James Madison Papers

To James Madison from Thomas Jefferson, 22 January 1797

From Thomas Jefferson

Jan. 22. 97.

Yours of the 8th. came to hand yesterday. I was not aware of any necessity of going on to Philadelphia immediately, yet I had determined to do it, as a mark of respect to the public, and to do away the doubts which have spread that I should consider the second office as beneath my acceptance. The journey indeed for the month of February is a tremendous undertaking for me, who have not been seven miles from home since my resettlement. I will see you about the rising of Congress: and presume I need not stay there a week. Your letters written before the 7th. of Feb. will still find me here. My letters inform me that mr. A. speaks of me with great friendship, and with satisfaction in the prospect of administering the government in concurrence with me. I am glad of the first information, because tho’ I saw that our antient friendship was affected by a little leaven produced partly by his constitution, partly by the contrivance of others, yet I never felt a diminution of confidence in his integrity, and retained a solid affection for him. His principles of government I knew to be changed, but conscientiously changed. As to my participating in the administration, if by that he meant the executive cabinet, both duty & inclination will shut that door to me. I cannot have a wish to see the scenes of 93. revived as to myself, & to descend daily into the arena like a gladiator to suffer martyrdom in every conflict. As to duty, the constitution will know me only as the member of a legislative body: and it’s principle is that of a separation of legislative executive & judiciary functions, except in cases specified. If this principle be not expressed in direct terms, yet it is clearly the spirit of the constitution, and it ought to be so commented & acted on by every friend to free government. I sincerely deplore the situation of our affairs with France. War with them and consequent alliance with Great Britain will completely compass the object of the Executive from the commencement of the war between France & England, taken up by some of them from that moment, by others more latterly. I still however hope it will be avoided. I do not believe mr. A. wishes war with France. Nor do I believe he will truckle to England as servilely as has been done. If he assumes this front at once and shews that he means to attend to self respect & national dignity with both the nations, perhaps the depredations of both on our commerce may be amicably arrested. I think he should begin first with those who first began with us, and by an example on them acquire a right to redemand the respect from which the other party has departed. I suppose you are informed of the proceeding commenced by the legislature of Maryland to claim the South branch of Patowmac as their boundary, and thus, of Albemarle now the central county of the state, to make a frontier. As it is impossible upon any consistent principles & after such a length of undisturbed possession that they can expect to establish their claim, it can be ascribed to no other than an intention to irritate & divide, and there can be no doubt from what bow the shaft is shot. However let us cultivate Pennsylvania & we need not fear the universe. The assembly have named me among those who are to manage this controversy. But I am so averse to motion & contest, and the other members are so fully equal to the business that I cannot undertake to act in it.1 I wish you were added to them. Indeed I wish & hope you may consent to be added to our assembly itself. There is no post where you can render greater services without going out of your state. Let but this block stand firm on it’s basis & Pennsylvania do the same, our union will be perpetual & our general government kept within the bounds & form of the constitution. Adieu affectionately.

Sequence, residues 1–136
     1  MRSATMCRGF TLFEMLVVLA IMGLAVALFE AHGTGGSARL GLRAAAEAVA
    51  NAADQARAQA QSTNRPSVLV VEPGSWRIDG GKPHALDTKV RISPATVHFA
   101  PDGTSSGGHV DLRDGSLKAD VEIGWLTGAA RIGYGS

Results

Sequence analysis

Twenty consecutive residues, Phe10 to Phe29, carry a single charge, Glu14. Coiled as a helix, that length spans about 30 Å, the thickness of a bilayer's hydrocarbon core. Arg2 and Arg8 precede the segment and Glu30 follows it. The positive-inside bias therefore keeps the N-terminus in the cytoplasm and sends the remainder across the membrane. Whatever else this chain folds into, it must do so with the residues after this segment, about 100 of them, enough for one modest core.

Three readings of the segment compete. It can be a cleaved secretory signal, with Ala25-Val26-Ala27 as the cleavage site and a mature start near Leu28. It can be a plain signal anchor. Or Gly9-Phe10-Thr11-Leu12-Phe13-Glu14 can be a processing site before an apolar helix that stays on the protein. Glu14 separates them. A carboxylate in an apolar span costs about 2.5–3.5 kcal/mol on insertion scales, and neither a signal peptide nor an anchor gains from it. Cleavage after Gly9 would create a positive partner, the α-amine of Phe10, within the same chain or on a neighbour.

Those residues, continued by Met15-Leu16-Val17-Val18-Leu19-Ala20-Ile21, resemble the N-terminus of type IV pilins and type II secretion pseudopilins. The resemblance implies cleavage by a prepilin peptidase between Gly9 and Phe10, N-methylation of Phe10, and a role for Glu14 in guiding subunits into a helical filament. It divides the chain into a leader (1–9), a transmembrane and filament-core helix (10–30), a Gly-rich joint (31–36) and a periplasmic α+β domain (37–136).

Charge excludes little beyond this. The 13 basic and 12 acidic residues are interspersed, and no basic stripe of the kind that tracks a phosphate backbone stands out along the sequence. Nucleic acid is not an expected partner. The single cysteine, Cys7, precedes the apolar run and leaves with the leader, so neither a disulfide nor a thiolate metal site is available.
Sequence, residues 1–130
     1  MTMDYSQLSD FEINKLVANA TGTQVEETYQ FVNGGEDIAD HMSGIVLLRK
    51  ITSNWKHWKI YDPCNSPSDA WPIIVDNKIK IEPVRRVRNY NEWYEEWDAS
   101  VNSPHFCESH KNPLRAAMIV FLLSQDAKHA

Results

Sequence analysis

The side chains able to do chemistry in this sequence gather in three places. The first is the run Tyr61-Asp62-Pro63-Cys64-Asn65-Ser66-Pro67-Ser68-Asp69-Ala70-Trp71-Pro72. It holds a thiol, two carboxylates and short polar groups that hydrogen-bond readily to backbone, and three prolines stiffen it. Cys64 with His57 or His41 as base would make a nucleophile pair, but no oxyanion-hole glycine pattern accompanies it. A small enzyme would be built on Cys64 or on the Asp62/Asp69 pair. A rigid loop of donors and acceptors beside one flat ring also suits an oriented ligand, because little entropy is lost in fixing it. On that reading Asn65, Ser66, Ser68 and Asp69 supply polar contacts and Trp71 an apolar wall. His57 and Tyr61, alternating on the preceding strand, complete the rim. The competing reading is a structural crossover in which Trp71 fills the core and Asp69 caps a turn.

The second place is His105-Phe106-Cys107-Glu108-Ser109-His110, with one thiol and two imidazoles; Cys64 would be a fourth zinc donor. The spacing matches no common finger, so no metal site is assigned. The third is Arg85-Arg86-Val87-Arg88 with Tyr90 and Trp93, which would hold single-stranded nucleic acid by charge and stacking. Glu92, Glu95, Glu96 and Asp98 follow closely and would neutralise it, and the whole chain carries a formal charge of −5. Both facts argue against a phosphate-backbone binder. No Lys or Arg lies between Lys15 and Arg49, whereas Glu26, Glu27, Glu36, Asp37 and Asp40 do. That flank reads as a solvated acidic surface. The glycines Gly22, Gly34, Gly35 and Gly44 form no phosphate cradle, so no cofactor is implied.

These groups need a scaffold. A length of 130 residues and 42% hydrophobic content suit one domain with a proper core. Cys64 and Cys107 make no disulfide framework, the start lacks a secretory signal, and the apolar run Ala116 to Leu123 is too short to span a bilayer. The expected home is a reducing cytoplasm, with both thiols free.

RC (DLC); FC (DLC: Jefferson Papers). Unsigned. RC addressed by Jefferson to JM at Philadelphia and franked.

1On 21 Dec. 1795 the Maryland Assembly had appointed commissioners to adjust the western and southern boundaries of Maryland and to negotiate the state’s claims to “certain territory within the supposed limits of Virginia.” In response, the Virginia House of Delegates, on 26 Dec. 1796, appointed Jefferson, John Marshall, Edmund Randolph, Robert Brooke, Ludwell Lee, Bushrod Washington, and John Taylor of Caroline to meet with the Maryland commissioners and report back (Votes and Proceedings of the House of Delegates of the State of Maryland, 1795 [Annapolis, 1795; Evans description begins Charles Evans, ed., American Bibliography … 1639 … 1820 (12 vols.; Chicago, 1903–34). description ends 30749], pp. 91–92; JHDV description begins Journal of the House of Delegates of the Commonwealth of Virginia, Begun and Held at the Capitol, in the City of Richmond. Volumes in this series are designated by the month in which the session began. description ends , Nov. 1796 [Evans description begins Charles Evans, ed., American Bibliography … 1639 … 1820 (12 vols.; Chicago, 1903–34). description ends 33128], pp. 99–100).

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